Make Kitco Your Homepage

Gov't bonds aren't the safe haven they once were - BlackRock

Kitco News

Editor's Note: With so much market volatility, stay on top of daily news! Get caught up in minutes with our speedy summary of today's must-read news and expert opinions. Sign up here!

(Kitco News) - Persistently high inflation as the global economy teeters on the brink of a recession means there are fewer places for investors to take cover, with the world's biggest asset manager saying they are underweight government bonds.

In their weekly market outlook, asset managers at BlackRock said they don't expect government bonds, a traditional safe-haven asset for investors, will provide much protection when the recession hits. They noted that bonds as a safe-haven play are "obsolete" as they expect yields to continue to rise.

"First, central banks are hiking rates to try to tame inflation, causing recessions. Second, we don't see them cutting rates like they typically do in recessions due to persistent inflation. Third, we expect investors to demand more compensation for the risk of holding government bonds amid high debt loads," the strategists said in the report.

"In this supply-driven recession, high inflation and rising rates may break the fragile equilibrium where investors tolerated surging debt loads and forwent a higher term premium, or compensation for the risk of holding long-term bonds," they added.

The strategists noted that the recent turmoil in U.K. bond markets is an example of how investors and "bond vigilantes" are pushing gilt yields higher as the government's massive spending proposal, followed by an abrupt U-turn, has damaged the nation's fiscal credibility.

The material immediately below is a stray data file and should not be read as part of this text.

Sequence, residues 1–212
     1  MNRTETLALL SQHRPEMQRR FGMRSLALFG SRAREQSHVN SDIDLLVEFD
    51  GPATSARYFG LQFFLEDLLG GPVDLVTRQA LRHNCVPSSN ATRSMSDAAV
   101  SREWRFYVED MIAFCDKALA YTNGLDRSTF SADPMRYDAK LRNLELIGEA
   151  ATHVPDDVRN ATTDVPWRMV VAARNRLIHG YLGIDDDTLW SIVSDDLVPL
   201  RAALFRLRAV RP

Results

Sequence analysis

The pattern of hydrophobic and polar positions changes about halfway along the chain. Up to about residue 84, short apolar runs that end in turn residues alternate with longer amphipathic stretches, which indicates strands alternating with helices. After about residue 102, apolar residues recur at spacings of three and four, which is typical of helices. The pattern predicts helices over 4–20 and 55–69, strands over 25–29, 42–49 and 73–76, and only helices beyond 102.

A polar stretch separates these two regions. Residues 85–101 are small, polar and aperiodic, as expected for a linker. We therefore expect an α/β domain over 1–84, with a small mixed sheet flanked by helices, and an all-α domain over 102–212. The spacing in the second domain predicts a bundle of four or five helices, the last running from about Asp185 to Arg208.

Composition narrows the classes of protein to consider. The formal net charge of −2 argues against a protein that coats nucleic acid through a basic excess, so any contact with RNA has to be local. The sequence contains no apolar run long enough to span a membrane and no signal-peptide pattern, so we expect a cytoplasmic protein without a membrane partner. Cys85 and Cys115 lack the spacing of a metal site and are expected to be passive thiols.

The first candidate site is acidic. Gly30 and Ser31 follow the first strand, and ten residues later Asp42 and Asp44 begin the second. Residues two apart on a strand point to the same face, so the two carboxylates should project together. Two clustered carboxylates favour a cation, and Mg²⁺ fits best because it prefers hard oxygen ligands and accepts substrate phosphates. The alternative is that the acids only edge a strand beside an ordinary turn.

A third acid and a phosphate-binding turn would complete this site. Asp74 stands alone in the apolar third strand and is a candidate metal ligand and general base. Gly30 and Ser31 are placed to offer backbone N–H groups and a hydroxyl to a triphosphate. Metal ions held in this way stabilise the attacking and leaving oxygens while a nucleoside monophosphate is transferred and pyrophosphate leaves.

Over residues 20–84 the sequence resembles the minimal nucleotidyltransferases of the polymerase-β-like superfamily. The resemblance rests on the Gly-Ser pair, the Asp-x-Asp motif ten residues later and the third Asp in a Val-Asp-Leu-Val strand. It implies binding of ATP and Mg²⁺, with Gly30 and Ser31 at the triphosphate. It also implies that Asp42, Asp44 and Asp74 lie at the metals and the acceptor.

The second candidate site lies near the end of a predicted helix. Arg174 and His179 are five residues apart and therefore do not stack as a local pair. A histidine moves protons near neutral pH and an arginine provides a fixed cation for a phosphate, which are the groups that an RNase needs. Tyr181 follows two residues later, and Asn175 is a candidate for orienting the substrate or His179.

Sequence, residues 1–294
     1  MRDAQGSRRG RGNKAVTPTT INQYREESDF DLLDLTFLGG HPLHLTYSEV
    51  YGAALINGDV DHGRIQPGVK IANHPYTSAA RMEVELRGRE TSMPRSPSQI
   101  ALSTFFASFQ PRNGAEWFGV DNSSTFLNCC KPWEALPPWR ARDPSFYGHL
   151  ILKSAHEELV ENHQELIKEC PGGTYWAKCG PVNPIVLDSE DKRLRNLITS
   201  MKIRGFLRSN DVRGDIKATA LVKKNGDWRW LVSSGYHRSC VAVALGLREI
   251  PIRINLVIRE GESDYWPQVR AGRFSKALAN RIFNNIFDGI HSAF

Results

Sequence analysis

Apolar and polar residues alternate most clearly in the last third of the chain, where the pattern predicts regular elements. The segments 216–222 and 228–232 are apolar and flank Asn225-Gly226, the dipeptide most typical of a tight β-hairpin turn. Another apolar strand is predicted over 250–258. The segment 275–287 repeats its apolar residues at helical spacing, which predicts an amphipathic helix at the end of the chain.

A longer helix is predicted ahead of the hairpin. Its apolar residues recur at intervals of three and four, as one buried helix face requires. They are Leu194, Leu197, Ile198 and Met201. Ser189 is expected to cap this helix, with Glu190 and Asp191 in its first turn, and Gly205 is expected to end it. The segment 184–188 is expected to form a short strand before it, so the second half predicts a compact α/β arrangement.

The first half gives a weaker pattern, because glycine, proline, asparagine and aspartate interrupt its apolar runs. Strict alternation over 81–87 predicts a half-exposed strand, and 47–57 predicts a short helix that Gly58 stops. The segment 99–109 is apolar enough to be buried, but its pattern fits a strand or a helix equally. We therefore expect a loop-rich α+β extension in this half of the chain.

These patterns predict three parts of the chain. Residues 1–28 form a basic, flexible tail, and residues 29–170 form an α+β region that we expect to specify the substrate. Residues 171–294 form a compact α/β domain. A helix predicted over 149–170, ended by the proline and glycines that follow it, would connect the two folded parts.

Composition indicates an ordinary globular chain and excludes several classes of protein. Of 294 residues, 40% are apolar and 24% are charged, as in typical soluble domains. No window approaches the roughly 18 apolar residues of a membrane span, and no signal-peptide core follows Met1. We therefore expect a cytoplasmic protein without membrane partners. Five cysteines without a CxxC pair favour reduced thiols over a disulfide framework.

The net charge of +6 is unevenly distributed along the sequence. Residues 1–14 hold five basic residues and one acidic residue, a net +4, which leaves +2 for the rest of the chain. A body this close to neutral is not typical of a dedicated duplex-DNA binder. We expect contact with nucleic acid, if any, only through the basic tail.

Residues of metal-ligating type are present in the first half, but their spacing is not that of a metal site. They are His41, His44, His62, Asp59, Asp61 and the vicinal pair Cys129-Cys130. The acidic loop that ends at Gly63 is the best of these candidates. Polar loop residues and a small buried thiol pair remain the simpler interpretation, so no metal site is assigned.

Blackrock said that in this new market regime, central banks face a more challenging dilemma between growth and inflation. The strategists added that the cost of bringing down inflation is triggering a recession.

"Central banks will eventually halt rate hikes. But they won't have done enough to get inflation all the way back down to target, implying they won't be able to start easing policy, in our view. Higher policy rates and inflation create a ripe environment for investors to demand higher term premia for long-term bonds," the analysts said.

Along with their negative outlook on bonds, BlackRock said that the current environment is also bad news for risk assets. The strategists said that capital appreciation in bonds has been the most positively correlated to stocks in the last two decades. They added that they expect this correlation to remain for the foreseeable future.

With few safe-haven options in the marketplace, BlackRock said that they like inflation-protected bonds and high-quality credit.

Inflation remains a threat around the world, central bank tightening will keep a lid on gold for now

The negative outlook on government bonds comes as some analysts have said this is the worst year for the traditional 60/40 portfolio in a century, as both stocks and bonds have seen significant losses.

While looking at safe-haven assets, BlackRock ignored what many market analysts see as an obvious choice: gold.

The asset management firm did not comment on gold; however, many analysts have said that the precious metal's safe-haven appeal is one of the reasons it has been one of the best-performing assets this year.

In a chart, BlackRock did note that gold is the third-best-performing asset, behind crude oil prices and the U.S. dollar.

In a report last month, the World Gold Council noted that a global recession would be a supporting factor for gold prices.

"Exploratory analysis shows that gold has proven to be one of the best-performing assets during U.S. recessions, especially when they have coincided with high inflation," the analysts said in the report.

Disclaimer: The views expressed in this article are those of the author and may not reflect those of Kitco Metals Inc. The author has made every effort to ensure accuracy of information provided; however, neither Kitco Metals Inc. nor the author can guarantee such accuracy. This article is strictly for informational purposes only. It is not a solicitation to make any exchange in commodities, securities or other financial instruments. Kitco Metals Inc. and the author of this article do not accept culpability for losses and/ or damages arising from the use of this publication.